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Friday, February 28, 2020 - 12:00pm to 1:00pm
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100F Pierce Hall, 29 Oxford St., Cambridge

Atmospheric & Environmental Chemistry Seminar

"The Role of Stratospheric Composition Feedbacks in the Climate Response to Anthropogenic Greenhouse-gas Emissions" with Gabriel Chiodo, Swiss Federal Institute of Technology (IAC-ETH).

The important role of stratospheric feedbacks for the climate system – most notably how the ozone layer responds to anthropogenic forcings (GHGs), and how that response then feeds back on the climate itself – remains largely unexplored, apart from the effects associated with gases regulated by the Montreal Protocol. This is because, to date, most models participating to CMIP inter-comparisons do not account for the complex interplay between stratospheric composition, dynamics and radiation. We here present some recent results illustrating the importance of such interplay in the case of abrupt 4xCO2 experiments from CMIP5. First, we show that increasing carbon dioxide levels lead to substantial changes in the ozone layer, and that the magnitude of these changes is highly model-dependent (Chiodo et al., 2018). Second, we demonstrate how these changes in the ozone layer can have a substantial effect on the circulation response to that forcing in both hemispheres, while barely altering the climate sensitivity (Chiodo & Polvani, 2017; Chiodo et al, 2018). Third, we explore the role of stratospheric water vapor (SWV) in the projected global warming. We quantify the SWV feedback in CMIP5 models, and show that feedbacks arising from stratospheric moistening are on the same order of magnitude as other notoriously important feedbacks, such as surface albedo and cloud feedbacks (Banerjee, et al., 2019). Such findings demonstrate that stratospheric composition changes play a key role in shaping the climate response to anthropogenic forcings, both via radiative and dynamical processes. However, the coupling between ozone, SWV and climate is still subject to large uncertainties. The implications of these results for CMIP6 will be discussed.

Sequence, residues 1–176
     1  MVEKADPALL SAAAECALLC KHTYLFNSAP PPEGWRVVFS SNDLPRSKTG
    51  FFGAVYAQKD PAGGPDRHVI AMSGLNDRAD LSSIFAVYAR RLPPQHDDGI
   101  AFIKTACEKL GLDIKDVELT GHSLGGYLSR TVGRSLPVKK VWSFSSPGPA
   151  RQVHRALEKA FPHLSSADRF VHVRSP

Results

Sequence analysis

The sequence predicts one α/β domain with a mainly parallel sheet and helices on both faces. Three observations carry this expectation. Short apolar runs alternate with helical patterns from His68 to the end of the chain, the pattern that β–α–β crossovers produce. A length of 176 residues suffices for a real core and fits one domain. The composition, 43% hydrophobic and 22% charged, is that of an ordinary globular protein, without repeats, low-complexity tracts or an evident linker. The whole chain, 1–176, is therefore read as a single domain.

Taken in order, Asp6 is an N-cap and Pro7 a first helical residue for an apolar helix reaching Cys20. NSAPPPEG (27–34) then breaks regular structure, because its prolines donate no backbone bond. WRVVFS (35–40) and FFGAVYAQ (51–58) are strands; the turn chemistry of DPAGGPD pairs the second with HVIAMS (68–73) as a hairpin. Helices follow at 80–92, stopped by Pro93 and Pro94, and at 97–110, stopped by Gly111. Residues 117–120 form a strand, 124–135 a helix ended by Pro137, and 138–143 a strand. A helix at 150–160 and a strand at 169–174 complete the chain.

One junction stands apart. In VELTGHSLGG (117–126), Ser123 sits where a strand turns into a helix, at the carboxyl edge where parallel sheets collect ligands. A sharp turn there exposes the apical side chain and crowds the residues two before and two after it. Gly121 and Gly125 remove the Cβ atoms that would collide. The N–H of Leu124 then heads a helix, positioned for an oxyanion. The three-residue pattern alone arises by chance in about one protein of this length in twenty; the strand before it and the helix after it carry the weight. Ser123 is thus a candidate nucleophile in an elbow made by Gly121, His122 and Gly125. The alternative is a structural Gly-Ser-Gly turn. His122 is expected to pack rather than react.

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Harvard University
Center for the Environment

Address: 26 Oxford Street, 4th Floor, Cambridge
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